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National Register of Historic Places in San Francisco

National Register #72000251: Misión San Francisco de Asís (Mission Dolores)
27 May 2010
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National Register #72000251
Mission Dolores
AKA Misión San Francisco de Asís
Dolores Street at 16th Street
Built 1782-1791

Mission Dolores, the oldest essentially unaltered building in San Francisco, was built by the Franciscan Fathers and the Mission Indians. It has been continuously used as a church.

The present Mission stands on or near the site of the original Mission founded in 1776 by Father Francisco Palou under the direction of Father Junipero Serra. The first Mass was celebrated on 29 June 1776 five days prior to the signing of the Declaration of Independence.

The Mission's popular name arose from its location near the lagoon named Laguna de Nuestra Señora de los Dolores by the Spaniards (California Landmark 327-1).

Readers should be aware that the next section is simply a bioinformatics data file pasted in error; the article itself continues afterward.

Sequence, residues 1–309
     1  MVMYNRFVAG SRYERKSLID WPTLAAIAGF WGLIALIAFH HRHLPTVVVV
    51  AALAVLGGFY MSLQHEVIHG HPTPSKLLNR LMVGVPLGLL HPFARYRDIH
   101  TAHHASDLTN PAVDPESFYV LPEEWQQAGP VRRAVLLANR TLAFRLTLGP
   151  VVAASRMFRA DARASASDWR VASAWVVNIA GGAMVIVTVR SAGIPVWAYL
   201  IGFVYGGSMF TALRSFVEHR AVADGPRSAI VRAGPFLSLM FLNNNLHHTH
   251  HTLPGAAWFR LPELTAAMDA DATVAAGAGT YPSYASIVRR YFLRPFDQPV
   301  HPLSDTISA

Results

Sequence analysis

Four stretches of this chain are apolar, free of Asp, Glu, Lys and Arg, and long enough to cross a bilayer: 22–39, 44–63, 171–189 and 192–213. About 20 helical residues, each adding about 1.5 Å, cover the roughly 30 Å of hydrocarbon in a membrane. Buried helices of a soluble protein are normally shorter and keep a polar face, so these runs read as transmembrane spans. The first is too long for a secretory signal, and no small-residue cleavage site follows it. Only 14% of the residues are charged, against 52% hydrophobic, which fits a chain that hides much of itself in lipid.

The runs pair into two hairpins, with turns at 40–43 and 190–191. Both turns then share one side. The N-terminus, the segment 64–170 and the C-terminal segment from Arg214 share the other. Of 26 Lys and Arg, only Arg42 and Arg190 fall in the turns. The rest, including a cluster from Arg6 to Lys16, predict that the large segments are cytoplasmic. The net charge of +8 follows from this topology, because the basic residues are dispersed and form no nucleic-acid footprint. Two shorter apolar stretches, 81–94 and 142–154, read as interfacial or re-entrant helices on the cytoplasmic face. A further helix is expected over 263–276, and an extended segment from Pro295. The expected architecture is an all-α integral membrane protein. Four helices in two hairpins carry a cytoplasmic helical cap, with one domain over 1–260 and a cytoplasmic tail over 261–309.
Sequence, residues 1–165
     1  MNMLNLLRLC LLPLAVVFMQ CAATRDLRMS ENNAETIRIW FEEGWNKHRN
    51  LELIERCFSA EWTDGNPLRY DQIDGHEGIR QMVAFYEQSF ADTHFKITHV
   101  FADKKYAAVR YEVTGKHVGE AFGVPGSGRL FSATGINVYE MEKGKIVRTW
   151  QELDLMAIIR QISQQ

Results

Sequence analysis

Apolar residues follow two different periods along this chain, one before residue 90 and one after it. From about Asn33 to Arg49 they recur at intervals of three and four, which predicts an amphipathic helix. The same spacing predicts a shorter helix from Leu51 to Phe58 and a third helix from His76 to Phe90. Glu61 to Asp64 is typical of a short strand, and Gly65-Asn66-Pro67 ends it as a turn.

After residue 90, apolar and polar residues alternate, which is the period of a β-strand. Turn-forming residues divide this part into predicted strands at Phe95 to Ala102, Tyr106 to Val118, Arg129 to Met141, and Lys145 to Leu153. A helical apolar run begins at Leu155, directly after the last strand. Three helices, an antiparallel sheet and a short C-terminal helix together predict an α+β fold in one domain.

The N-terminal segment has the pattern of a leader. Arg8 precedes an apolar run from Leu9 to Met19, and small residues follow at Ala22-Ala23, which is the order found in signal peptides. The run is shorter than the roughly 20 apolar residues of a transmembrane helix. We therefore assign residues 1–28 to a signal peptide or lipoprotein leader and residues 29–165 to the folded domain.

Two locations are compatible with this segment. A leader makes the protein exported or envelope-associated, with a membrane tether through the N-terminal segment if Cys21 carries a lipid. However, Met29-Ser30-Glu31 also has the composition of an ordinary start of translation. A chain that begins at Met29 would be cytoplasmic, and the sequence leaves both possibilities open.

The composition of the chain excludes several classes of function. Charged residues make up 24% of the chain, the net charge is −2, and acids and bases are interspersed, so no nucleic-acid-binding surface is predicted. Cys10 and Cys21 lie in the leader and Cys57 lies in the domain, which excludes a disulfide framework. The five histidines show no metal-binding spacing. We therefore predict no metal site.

Mission Dolores is an excellent example of the Spanish Mission style of architecture prevalent in Mexico and California during the late 18th century. The walls of sun-dried adobe brick are four feet thick. The roof beams are of redwood, and the sloping roof is of tiles made by the Mission Indians. The floors are a mixture of clay, burned tile, brick and wood. There are no nails in the building, which is secured by means of wooden pegs and rawhide.

A structural renovation was carried out in 1920 under the direction of Willis Polk including restoration of some details and strengthening of the building.

Adjacent to the Mission and its cemetery are religious structures and administrative offices of the Archdiocese, including the large Spanish Baroque church which adjoins the Mission on the north and which bears the title of Basilica, one of a very few such ever created in the United States.

The surrounding area is primarily developed and zoned for multiple-family residences.

Excerpted from the NRHP Nomination.

Mission Dolores was one of the models for the Mission Revival architectural style which was popular in California at the end of the 19th century and beginning of the 20th century.

Mission Dolores is also San Francisco Landmark 1 and California Landmark 327.

Only three buildings in San Francisco have achieved this triple distinction. The other two are:

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